Modern Machine Shop

SEP 2017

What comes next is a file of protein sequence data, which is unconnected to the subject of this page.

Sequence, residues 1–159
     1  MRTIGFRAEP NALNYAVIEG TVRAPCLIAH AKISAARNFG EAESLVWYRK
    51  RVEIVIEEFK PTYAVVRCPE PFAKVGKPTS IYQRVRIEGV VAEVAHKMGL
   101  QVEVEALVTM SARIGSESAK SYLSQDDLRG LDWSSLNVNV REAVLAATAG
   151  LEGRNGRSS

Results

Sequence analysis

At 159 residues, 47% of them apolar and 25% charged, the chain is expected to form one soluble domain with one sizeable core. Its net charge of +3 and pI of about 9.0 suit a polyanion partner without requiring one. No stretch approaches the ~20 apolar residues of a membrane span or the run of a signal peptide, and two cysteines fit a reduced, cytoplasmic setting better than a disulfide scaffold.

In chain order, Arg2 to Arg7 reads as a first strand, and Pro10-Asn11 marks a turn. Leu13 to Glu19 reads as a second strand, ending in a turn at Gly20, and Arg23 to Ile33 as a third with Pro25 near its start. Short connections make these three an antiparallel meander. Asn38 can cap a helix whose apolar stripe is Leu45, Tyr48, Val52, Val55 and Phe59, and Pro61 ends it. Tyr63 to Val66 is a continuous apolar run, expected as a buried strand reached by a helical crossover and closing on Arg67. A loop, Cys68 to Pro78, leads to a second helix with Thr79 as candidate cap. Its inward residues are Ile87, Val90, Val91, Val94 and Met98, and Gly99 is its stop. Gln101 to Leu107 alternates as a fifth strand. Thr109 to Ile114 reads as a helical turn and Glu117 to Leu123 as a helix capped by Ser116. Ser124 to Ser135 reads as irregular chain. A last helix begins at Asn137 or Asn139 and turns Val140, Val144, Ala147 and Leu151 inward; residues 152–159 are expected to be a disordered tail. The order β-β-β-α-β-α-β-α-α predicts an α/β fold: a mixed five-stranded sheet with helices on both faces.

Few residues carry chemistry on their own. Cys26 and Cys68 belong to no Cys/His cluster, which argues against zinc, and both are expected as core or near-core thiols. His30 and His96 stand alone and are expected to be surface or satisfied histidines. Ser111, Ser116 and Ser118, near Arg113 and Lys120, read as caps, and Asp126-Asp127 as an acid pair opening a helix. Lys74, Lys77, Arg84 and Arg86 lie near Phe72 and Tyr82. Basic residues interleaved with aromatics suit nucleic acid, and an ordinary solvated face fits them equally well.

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mmsonline.com September 2017 MMS 73 FEATURE they begin to affect the process. The errors result- ing from these effects develop within the trend of par t dimensions before a tolerance is actually broken. Thus, Mr. DiNardi's recurring question to Mr. Smathers over the course of years has been, "Why couldn't we know that part was out of spec before it got to inspection?" GETTING TO SIMPLE Mr. DiNardi has a context for asking this question. Earlier in his career, before he owned a manufac- turing business, he worked for the Marshall Space Flight Center in Huntsville, Alabama. When a spacecraft is launched, this facility uses data to monitor the performance of its components. Real- time trends in the data describing a component's performance allow engineers on the ground to predict when a component is approaching failure, before that failure occurs. So why couldn't similar real-time analysis aid a machining process? He began searching for the way to realize this pos- sibility about eight years ago. Step one was to get the data. The Renishaw machine tool probe employed by each machining center was the means for doing this. The shop began using these probes for automatic, on- machine measurement of various critical features of each fuel nozzle part, adding about five minutes of probing to every machining cycle. But the prob- ing capabilities of the machines themselves allowed only for a momentary determination of whether a given feature was in or out of tolerance. There was no way to capture a data record over time and look for trends. At first, L&S shop personnel were manually recording data in order to develop this record. The manual recording ended when FactoryWiz machine monitoring software from Refresh Your Memor y eliminated the need, collecting data automatically so it could be analyzed later. But even with this improvement, the problem that remained was contained in that word "later." In one case, the data revealed that a certain tool needed to be changed after 16 parts. The data also revealed that taking a certain cut at 0.001 inch under nominal was counterproductive, as Jason Smathers of L&S shows an example of an intricate fuel nozzle part machined from solid steel. Views of both sides show the amount of machining the part requires.

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